As for the running game, Jamal Williams, the NFL leader with six rushing scores in four contests, couldn’t convert a 4th-and-1 give up the gut on the Lions’ first series. After 108 yards and two TD’s a week earlier, he ended up with 56 yards on 15 carries for a 3.7 average.
“This is a tough sport, as you can see,” said Judon, concurring with McCourty regarding the midweek emphasis on mindfulness. “It just allowed us an extra day to get our bodies back right. But mentally, going through the walk-through, everything like that, we were mentally locked in.”
Bodily rest in this case afforded opportunity to sharpen focus rather than simply relax.
“We took advantage of it and we came out here and played very well,” Judon said.
After physical downtime during the week, Devin McCourty said the Patriots’ defense was ‘locked in’ on Sunday. (Photo by Maddie Malhotra/Getty Images)
Belichick, who first noted the change in practice schedule in his postgame remarks, credited McCourty, Judon et al for making good use of the physical downtime on his Monday morning Zoom with local media.
“Our captains and our veteran players gave us a lot of leadership there, in terms of the way we handled it,” he said. “That’s really important. So they took the change and I thought, as you said and referenced, utilized that time to lock in and spend extra mental preparation time in the understanding of the Lions’ offensive, defensive, special teams systems, personnel and so forth.
“So when we did actually practice and then play, that was reflected in the execution for a team that we really didn’t know hardly at all, based on the number of new players that they’ve had since the last time we played them. So I think really more than the schedule, the credit needs to go to the players for the way they handled it, the way they applied it and got the most out of it.”
Don’t ever expect Belichick to adopt the methods of the late John Gagliardi, who famously kept practice contact to a minimum throughout his six-plus decades as a Hall-of-Fame small college coach, or Buddy Teevens, the longtime Dartmouth coach whose team tackles remote-controlled ‘dummies’ rather than each other.
But also don’t mistake him as a rigid, whistle-blowing 70-year old set in a one-and-only way, wistful for the days of ‘Oklahoma Drills’ and close-minded to the discoveries of modern-day sports science.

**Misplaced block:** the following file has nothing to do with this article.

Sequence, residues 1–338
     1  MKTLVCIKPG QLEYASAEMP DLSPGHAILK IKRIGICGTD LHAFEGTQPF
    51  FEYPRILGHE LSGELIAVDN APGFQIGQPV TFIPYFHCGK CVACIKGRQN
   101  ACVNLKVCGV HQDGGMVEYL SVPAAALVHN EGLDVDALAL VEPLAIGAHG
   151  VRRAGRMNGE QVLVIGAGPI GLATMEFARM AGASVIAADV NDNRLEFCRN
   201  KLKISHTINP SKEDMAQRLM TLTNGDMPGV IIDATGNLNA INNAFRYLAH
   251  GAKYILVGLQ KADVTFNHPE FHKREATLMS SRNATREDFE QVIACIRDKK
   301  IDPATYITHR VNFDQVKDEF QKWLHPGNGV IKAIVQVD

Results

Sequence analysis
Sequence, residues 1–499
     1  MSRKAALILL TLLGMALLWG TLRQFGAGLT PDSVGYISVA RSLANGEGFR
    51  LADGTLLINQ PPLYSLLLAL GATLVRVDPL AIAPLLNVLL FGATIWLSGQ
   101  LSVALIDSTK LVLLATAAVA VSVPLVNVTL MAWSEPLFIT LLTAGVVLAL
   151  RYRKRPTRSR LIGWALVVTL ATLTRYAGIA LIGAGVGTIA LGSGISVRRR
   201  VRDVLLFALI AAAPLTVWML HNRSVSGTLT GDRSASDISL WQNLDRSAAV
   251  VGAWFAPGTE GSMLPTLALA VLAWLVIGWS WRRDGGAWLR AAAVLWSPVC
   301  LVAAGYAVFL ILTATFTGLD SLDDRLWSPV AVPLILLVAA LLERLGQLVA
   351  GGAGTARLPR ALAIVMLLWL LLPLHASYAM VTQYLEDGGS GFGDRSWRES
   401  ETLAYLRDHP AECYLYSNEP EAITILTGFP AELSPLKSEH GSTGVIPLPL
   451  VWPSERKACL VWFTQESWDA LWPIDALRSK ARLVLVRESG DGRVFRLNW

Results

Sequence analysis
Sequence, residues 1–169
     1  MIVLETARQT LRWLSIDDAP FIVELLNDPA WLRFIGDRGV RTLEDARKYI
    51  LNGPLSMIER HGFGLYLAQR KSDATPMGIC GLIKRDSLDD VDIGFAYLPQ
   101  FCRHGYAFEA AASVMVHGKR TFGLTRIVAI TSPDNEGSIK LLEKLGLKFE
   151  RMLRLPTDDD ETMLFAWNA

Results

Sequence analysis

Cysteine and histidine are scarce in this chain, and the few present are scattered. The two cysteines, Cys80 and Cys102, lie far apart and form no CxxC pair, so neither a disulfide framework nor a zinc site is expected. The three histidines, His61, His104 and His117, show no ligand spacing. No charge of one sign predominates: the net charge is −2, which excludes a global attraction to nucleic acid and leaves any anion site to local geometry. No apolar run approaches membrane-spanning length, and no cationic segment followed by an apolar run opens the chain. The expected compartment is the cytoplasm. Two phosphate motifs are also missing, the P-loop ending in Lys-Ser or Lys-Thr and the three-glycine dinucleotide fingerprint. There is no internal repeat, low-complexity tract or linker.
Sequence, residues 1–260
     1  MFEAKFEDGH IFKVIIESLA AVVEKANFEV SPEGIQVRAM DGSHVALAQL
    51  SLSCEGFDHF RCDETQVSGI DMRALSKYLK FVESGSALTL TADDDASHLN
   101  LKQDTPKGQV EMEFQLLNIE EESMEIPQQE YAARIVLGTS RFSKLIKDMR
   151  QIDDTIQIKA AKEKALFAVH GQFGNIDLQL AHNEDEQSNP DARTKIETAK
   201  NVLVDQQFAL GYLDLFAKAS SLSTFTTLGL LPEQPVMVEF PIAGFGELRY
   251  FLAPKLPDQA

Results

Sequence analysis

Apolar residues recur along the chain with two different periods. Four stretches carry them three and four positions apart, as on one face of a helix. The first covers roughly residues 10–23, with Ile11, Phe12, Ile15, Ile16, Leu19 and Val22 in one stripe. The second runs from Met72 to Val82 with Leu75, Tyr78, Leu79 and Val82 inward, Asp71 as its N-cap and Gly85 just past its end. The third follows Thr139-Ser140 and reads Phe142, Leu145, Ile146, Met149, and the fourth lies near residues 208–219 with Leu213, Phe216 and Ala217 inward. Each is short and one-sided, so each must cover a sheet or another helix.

Or, more specific to this instance, understand what he does. A head coach has to have a sense of when to go hard and when to let up, informed by input from others.
“I think over the course of the season, as a head coach, you kind of get a feel for your team. It may not be the entire team, it may be what most of the team needs,” he explained. “So you have to sacrifice some of the other part of it for practice schedules, or meeting schedules, or time commitment, however you want to look at it, time management.
“We have so much time we want to try to use it as productively as possible. So those decisions on how to practice, or how long to practice, or how long to meet, or how long to allocate certain time frames to different things are based on where our team is, who the opponent is and sometimes what I feel, and sometimes the staff will recommend that as well to me.”
Soon the game schedule will dictate changes to the practice schedule. This week the Patriots ready for another 1 o’clock Sunday kickoff in Cleveland. The week after, they host Chicago on a Monday night. Late November and December feature two Thursday encounters and another Monday engagement.
“But in just the regular routine, if you change it then I think you need to have a reason to change it,” Belichick said. “Last week, I just felt like that was the right thing to do. (I) talked to the players and talking to the staff as well, I think we all kind of felt like that. Players responded extremely well. I thought we tried to play hard and physical yesterday, which we need to do and continue to do. We’ll just have to manage it from week-to-week.
“When you do change the schedule the most important thing is that the players understand why it’s being changed, what they have to do to make it work and then do it. I thought, again, that was really, the players did a great job of that this week.”
Bob Socci is in his 10th season calling play-by-play for the Patriots Radio Network on 98.5 The Sports Hub. Follow him on Twitter @BobSocci.